Dangers to sex work are not restricted to physical. Criminalization of prostitutes causes a negative view of sex workers, who are often referred to as sluts, whores, and that they lack self- respect. The criminal justice system and police have failed sex workers on so many occasions regarding rape and sexual assault. Both of these powers treat sex workers as though rape were only an “occupational hazard” of their work. “When sex workers are afraid of the police, it makes the world a more dangerous place for every single woman.” Their fears are based in the realities and personal experiences of a justice system that criminalizes their way of living. Sex workers who report sexual assault to police can be laughed at, ignored, accused of lying, arrested, or worse. Judges might use their jobs against them in court, causing them to go without justice. The 1975 New York state rape shield law protects rape victims from having their sexual histories used against them in criminal proceedings. However, this law does not apply to women with a prostitute conviction in the three years prior to that case. This just goes to show how even when these women are searching for help, their cries for help are gone unheard. Another example of injustice would be that in 2007, a judge in Philadelphia dismissed rape charges against a man who organized gang rape of a prostitute at gunpoint. The judge’s reasoning was that the crime was merely a “theft of services.” “Criminalization allows people to imagine that we don’t have boundaries, voices, or labor rights. It allows them to forget we can say ‘no’, too.” There is strong evidence which suggests decriminalization can protect both sex workers and all women from violent crime. For example, Rhode Island crimes regarding sex work dropped by 31 percent after decriminalizing indoor prostitution for 6 years. Similar statistics were found when Germany and New Zealand decriminalized sex work as well. Those in power in the criminal justice system have also been known for preventing sex workers from moving forward in their personal lives, making it that much harder for them to get out of that industry even if they really want to. As mentioned in “Sex Workers Don’t Deserve to be Raped,” in most parts of the United States former prostitutes can be fined for previously working in the sex industry. Even when sex workers want to change to a “normal” job, criminalization makes it difficult. The way the criminal justice system and most of society treats sex workers only makes the situation worse and allows rapists to go about free while the victims are oppressed and, in most occasions, blamed for their rape.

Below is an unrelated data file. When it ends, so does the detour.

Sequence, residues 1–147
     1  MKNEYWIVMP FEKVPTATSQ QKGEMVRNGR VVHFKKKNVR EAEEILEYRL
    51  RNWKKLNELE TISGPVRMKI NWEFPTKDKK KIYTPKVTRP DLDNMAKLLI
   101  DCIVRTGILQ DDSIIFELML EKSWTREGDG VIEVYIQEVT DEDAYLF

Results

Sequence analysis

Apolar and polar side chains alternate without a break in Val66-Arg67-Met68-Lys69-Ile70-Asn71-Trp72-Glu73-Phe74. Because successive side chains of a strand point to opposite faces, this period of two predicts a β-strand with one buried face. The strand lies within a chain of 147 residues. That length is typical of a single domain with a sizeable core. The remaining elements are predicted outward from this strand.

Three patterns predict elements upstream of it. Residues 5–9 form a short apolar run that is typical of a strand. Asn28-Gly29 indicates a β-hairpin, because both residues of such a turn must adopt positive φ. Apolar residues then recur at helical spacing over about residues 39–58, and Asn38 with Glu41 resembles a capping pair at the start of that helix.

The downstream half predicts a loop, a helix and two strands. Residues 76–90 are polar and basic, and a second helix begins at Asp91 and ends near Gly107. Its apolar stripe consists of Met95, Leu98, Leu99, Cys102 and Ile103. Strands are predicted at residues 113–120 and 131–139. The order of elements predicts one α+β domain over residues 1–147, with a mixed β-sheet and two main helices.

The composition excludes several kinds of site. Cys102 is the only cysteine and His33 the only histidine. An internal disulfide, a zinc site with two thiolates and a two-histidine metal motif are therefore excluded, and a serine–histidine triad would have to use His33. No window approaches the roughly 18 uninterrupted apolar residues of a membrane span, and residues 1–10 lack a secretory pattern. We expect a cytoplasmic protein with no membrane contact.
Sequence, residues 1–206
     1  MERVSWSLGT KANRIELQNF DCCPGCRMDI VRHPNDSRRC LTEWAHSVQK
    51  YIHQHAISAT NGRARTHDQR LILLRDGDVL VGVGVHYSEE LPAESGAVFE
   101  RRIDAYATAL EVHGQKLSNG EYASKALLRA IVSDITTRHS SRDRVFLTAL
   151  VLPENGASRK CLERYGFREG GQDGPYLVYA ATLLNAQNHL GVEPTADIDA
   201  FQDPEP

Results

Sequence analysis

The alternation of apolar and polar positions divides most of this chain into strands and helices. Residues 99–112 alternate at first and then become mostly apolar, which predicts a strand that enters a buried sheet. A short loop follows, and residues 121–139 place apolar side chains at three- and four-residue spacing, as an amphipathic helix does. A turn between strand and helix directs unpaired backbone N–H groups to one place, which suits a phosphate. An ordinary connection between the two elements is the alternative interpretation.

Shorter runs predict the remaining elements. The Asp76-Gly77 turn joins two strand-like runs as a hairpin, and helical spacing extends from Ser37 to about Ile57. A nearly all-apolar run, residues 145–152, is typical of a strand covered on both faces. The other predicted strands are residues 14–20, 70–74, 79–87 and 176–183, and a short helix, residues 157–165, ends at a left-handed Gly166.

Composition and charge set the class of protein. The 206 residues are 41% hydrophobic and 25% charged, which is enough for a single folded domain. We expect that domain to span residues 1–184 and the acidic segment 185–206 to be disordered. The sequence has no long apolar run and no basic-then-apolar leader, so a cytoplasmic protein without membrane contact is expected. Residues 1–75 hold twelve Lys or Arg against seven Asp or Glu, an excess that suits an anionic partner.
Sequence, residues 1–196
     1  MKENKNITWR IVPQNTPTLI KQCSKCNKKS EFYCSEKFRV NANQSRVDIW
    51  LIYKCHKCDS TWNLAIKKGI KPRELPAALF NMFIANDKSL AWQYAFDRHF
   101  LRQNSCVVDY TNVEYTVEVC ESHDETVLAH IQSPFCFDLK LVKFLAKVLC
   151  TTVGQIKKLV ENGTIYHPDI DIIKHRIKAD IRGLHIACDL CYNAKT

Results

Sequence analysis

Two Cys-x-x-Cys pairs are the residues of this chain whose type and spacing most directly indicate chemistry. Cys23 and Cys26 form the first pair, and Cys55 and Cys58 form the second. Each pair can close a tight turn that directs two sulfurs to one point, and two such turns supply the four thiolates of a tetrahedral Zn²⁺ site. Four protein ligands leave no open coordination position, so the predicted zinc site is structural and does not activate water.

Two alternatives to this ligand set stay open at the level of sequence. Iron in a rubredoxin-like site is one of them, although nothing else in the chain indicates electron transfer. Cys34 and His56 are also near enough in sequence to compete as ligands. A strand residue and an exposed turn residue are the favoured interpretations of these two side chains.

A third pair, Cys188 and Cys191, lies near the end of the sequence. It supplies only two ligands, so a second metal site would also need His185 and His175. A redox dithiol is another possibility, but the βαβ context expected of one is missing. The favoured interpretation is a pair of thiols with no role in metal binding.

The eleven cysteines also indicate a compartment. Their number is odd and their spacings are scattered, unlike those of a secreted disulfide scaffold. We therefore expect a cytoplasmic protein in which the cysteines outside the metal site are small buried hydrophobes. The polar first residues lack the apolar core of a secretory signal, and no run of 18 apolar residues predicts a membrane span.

Mental and emotional trauma is a very serious issue that most sex workers deal with because of how draining their job is. They are not provided with proper care and some don’t always make enough money to live a good life. Sex workers have no health benefits such as medicare, which is very serious considering how many sex workers have been known to experience physical assaults. The constant fear of being trafficked, sexually assaulted, or even killed can be exhausting and over time affect your mental health. Exposure to so much sexual violence and discrimination over time can likely cause depression, anxiety, and PTSD. Their PTSD might be a cause of a rape or violent act against them. Because their job is based on sex, it could very easily be triggered especially because the majority of their clients are not very gentle during sex. They may experience nightmares or flashbacks of their rape due to this condition. Alcohol abuse can be associated with any of these mental illnesses as well as low self-esteem. Family members often disown their daughters for joining the sex industry, which can make their depression worse and make them feel more isolated from society. Sex workers are used to seeing other women they know raped or beat as well as experiencing violence themselves. Although some women enter willingly, many have referred to prostitution as slavery at the hands of men who feel it is their “right” to be able to buy sex and do what they’d like with women. In most cases, this statement is true. Women usually work under a pimp, who operates their money, gets them clients, and often use violence against them, which are all attributes of slavery. After working like this for a long period of time, anyone’s mental health would begin to deteriorate.

In conclusion, sex workers face many dangers daily that affect them negatively in the form of physical, emotional, and social discrimination as well as abuse. Criminalization contributes to most of these dangers and restricts sex workers from moving forward with their lives. Society should do more to help these women because they are humans the same as us and they do not deserve to be treated so poorly and inhumanely. In this paper I showed several examples of how men have taken advantage of the fact that these people, predominantly female sex workers, are afraid of police to sexually assault them or make violent advances toward them. Sex workers have to be looked out for, not pushed farther underground where they may face even more dangers than they already do.

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Discrimination And Harassment Against Prostitutes In Society. (2020, October 10). GradesFixer. Retrieved November 28, 2020, from https://gradesfixer.com/free-essay-examples/discrimination-and-harassment-against-prostitutes-in-society/
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Discrimination And Harassment Against Prostitutes In Society. [online]. Available at: <https://gradesfixer.com/free-essay-examples/discrimination-and-harassment-against-prostitutes-in-society/> [Accessed 28 Nov. 2020].
Discrimination And Harassment Against Prostitutes In Society [Internet]. GradesFixer. 2020 Oct 10 [cited 2020 Nov 28]. Available from: https://gradesfixer.com/free-essay-examples/discrimination-and-harassment-against-prostitutes-in-society/